A Night at the Opera (1935)




Critic Consensus: No consensus yet.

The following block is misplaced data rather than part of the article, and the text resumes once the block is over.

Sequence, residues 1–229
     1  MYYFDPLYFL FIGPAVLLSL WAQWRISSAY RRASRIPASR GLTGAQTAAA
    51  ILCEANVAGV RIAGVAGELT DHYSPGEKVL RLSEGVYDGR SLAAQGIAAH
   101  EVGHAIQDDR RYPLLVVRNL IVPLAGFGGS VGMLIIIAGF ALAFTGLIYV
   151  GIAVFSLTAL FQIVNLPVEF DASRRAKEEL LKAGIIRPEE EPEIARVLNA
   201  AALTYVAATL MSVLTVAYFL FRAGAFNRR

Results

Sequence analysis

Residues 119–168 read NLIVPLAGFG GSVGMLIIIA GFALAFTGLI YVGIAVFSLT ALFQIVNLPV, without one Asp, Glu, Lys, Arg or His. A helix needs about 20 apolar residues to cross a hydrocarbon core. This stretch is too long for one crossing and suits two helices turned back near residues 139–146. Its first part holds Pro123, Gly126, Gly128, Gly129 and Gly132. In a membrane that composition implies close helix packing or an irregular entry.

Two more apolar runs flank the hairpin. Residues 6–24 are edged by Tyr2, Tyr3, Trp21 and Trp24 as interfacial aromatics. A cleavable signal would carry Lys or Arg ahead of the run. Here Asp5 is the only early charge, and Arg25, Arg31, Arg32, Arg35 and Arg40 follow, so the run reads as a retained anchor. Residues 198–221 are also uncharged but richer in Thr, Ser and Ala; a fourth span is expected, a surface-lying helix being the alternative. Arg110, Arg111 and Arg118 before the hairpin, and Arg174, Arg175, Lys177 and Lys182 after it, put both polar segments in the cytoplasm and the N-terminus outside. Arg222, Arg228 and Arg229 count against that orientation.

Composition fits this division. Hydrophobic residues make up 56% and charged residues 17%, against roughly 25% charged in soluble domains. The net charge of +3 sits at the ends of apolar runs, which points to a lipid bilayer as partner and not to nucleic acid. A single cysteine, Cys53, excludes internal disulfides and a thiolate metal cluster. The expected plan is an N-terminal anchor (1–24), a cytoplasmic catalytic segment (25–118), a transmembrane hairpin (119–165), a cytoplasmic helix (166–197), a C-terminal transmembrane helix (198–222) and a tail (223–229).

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Although some purists hold out for Duck Soup (1933), many Marx Brothers fans consider A Night at the Opera the team's best film. Immediately after the credits roll, we are introduced to Groucho Marx as penny-ante promoter Otis B. Driftwood. After a sumptuous dinner with a beautiful blonde at a fancy Milan restaurant, Driftwood tries to cadge another free meal from his wealthy patroness, Mrs. Claypool (Margaret Dumont). The dignified dowager complains that Driftwood had promised to get her into high society, but has done nothing so far. Otis B. counters by introducing Mrs. C to pompous opera entrepreneur Gottleib (Sig Rumann); all Mrs. Claypool has to do is invest several hundred thousand dollars in Gottleib's opera company, and her entree into society is in the bag. Contingent upon this plan is Driftwood's signing of Rodolfo Lassparri (Walter Woolf King), a self-important tenor. Backstage at the opera, Driftwood meets Fiorello (Chico Marx), who poses as a manager and offers to sell Driftwood the "world's greatest tenor"-not Lassparri, as Driftwood assumes, but Fiorello's pal Ricardo Baroni (Allan Jones). Instantly the two sharpsters try to draw up a contract ("The party of the first part shall hereafter be known as the party of the first part..."), which they proceed to tear up piece by piece whenever coming across a clause that displeases them (Driftwood: "That's a sanity clause"; Fiorello: "You no foola me. There ain't no Sanity Claus"). Having lost Lassparri to Gottleib, Driftwood sails back to America with Mrs. Claypool and the opera company. Gottleib arranges for Driftwood to get the tiniest, least accessible stateroom on the ship. Unpacking his trunk, Driftwood discovers that he's got to share his postage-stamp quarters with Ricardo Baroni, who has stowed away because he's in love with the opera troupe's leading lady Rosa (Kitty Carlisle). Also hiding out in Driftwood's trunk is Fiorello, who's come along because he's still Ricardo's manager, and the wacky Tomasso (Harpo Marx), Lassparri's former dresser, who has come along for the hell of it. Anxious to arrange a tete-a-tete with Mrs. Claypool in his stateroom, Otis finds out that his unwelcome guests won't leave until they're fed ("Do you have any stewed prunes? Well, give them some black coffee, that'll sober 'em up"). After ordering a huge dinner, Otis and his new friends are crowded even farther by a steady stream of intruders, including an engineer and his assistant, a cleaning lady, a manicurist, a girl looking for her Aunt Minnie, and a dozen waiters. The celebrated "stateroom scene" comes to a rollicking conclusion when Mrs. Claypool has the misfortune of opening the door. On the last night of the voyage, Fiorello, Tomasso and Ricardo sneak out of their stateroom to enjoy an impromptu ethnic festival in steerage. Ricardo sings, Fiorello "shoots the keys" on the piano, and Tomasso plays the film's theme song Alone on the harp. The stowaways are caught and thrown in the brig, but with Driftwood's help they escape. To avoid recapture, the stowaways don heavy beards and pose as three famed Russian aviators. After making a shambles of a public reception, the three reprobates hide out in Driftwood's New York apartment, where everyone conspires to drive an investigating detective (Robert Emmet O'Connor) crazy. Driftwood is fired from the opera company for associating with the stowaways, while Rosa is dismissed for refusing Lassparri's affections. In order to restore Rosa's job and put the deserving Ricardo in Lassparri's place during the opening performance of La Traviata, Driftwood, Fiorello and Tomasso concoct a scheme that will reduce the opera to comic chaos. The actual night at the opera in A Night at the Opera must be seen to be believed, but the spirit of the scene can be summed up by Gottleib's anguished cry "A battleship in Il Trovatore!" Opera was the Marx Brothers' first film for MGM, and they dearly coveted a hit after the disappointing box-office showing of their final Paramount films. With the blessing of MGM production chief Irving Thalberg, the Marxes went on the road with their brilliant writing staff (including George S. Kaufman, Morrie Ryskind and Al Boasberg) to test their comedy material before live audiences. As a result of this careful preplanning, Night at the Opera was a smash-hit gigglefest, grossing over $3 million and putting the Marxes back on top in the hearts and minds of filmgoers everywhere.